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Radioactivity is a topic that tends to get hyped-up coverage in the media. It is something that we cannot see, smell or hear. The same can be said for most forms of electricity and electromagnetic radiation. Tools such as volt/amp meters and oscilloscopes give us a view into the invisible world of electricity. A geiger counter allows radioactivity to be observed and measured in a similar fashion. There is a lot of folklore, information, and mis-information online concerning radioactivity. Some real-world experience can help to demystify the properties of natural and man-made radioactive materials.
A practical use for a geiger counter is to locate low level radioactive sources in and around the household, it can be a good idea to move stronger sources away from your living space. Examples of radioactive materials that can be found inside the house include rock and mineral colections, certain pottery glazes, gas lantern mantles, glow-in-the-dark watch and radio dials and certain welding rods. Radon gas can often be found in basements, depending on the local geography. Lime-green depression glass, yellow and orange Fiesta Ware plates and decorative tiles can contain uranium. Some larger transmitting-type vacuum tubes can contain uranium in the glass seals an thorium in the filaments, both are radioactive elements.
Common household smoke detectors manufactured between the early 1960s and the early 2000s typically contained a tiny piece of radioactive americium 241, which mainly emits alpha particles. Very little alpha radiation eminates from this ionization type of detector because it is blocked by a metal shield and the smoke detector's plastic case. The life-saving capabilities of these smoke detectors far outweighed any negative effects of their small amount of radioactive material. That said, newer smoke detector technologies have shifted to the use of optical detection methods due to its higher sensitivity. Certain types of industrial smoke detectors contain radium, which is much more radioactive than americium. These detectors are usually metallic cylinders with a screened section and are mounted hanging down from a ceiling. For more information, see the Wikipedia article on smoke detectors.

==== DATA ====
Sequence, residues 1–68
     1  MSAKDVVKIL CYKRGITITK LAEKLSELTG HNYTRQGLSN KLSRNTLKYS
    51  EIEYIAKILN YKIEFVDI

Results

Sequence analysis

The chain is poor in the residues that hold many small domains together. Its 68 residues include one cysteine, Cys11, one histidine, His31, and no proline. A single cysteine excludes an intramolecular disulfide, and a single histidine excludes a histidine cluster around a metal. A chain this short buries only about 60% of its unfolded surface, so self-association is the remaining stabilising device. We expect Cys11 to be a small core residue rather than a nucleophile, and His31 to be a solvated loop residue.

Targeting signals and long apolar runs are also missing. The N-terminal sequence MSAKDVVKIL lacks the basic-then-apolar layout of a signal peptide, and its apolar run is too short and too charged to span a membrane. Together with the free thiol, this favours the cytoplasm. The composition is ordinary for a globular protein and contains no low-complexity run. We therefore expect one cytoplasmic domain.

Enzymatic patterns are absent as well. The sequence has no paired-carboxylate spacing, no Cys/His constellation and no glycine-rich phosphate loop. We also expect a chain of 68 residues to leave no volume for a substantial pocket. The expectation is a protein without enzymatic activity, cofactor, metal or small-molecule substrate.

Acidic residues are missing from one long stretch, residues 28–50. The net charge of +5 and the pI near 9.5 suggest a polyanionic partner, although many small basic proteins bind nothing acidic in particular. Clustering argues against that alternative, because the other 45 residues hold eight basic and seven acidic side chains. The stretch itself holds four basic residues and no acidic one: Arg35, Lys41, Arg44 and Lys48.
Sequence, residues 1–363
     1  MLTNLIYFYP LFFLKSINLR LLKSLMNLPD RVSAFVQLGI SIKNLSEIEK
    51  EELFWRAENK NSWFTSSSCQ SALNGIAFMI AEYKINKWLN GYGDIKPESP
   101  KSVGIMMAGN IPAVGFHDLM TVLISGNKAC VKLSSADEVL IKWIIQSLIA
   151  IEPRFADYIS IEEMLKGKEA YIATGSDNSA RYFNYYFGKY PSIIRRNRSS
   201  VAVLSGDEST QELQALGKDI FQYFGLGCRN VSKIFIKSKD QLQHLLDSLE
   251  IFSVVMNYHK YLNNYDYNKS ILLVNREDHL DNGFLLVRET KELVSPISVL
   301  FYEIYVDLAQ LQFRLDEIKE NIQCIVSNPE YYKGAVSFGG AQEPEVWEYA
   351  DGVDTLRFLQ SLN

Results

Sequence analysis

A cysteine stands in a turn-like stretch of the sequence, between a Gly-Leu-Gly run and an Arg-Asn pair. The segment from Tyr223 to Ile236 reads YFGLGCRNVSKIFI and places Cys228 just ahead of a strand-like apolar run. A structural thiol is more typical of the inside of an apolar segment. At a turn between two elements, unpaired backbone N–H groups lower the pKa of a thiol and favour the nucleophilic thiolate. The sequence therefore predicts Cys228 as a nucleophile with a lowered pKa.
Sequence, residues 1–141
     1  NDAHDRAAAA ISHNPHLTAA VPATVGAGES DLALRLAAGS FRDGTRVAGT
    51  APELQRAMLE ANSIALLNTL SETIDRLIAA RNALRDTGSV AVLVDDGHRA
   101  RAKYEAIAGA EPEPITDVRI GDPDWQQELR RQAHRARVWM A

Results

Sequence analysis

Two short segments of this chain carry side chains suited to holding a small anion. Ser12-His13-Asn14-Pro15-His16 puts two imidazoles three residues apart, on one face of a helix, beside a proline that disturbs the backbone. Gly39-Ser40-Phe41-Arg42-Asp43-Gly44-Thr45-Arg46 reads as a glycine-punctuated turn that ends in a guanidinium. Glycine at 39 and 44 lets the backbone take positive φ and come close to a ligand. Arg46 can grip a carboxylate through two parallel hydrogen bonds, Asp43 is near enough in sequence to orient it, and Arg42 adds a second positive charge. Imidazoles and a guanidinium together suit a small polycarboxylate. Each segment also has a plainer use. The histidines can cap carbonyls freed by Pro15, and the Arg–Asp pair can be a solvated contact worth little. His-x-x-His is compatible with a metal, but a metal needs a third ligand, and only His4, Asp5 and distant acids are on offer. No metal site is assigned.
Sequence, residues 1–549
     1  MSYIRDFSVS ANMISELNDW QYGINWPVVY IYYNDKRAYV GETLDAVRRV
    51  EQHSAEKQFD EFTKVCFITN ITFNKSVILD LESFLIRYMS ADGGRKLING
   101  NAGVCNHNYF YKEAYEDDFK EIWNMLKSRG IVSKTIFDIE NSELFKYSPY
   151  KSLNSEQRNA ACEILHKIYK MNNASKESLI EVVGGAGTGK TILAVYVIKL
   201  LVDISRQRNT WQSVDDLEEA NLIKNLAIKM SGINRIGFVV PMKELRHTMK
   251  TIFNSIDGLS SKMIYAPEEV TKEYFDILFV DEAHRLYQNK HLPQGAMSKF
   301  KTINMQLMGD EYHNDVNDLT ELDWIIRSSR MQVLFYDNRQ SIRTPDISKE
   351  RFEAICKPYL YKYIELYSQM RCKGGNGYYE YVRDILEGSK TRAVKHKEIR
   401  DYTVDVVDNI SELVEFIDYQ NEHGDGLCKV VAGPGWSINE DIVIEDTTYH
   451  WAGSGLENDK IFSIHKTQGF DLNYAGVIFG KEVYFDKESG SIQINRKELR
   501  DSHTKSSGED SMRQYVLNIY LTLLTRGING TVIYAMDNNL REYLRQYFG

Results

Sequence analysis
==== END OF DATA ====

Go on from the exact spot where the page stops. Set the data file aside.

Keep in mind there is, and has always been, a fair amount of normal background radiation from naturally ocurring radioactive minerals in the ground and the radon gas produced by the decay of the same minerals. Above-ground atomic testing in past years has increased the background radiation levels somewhat, but this is mostly a concern for people living close to nuclear test sites.
Here are some projects that can improve and extend the capabilities of readily available surplus geiger counters such as the Victoreen CDV-700.
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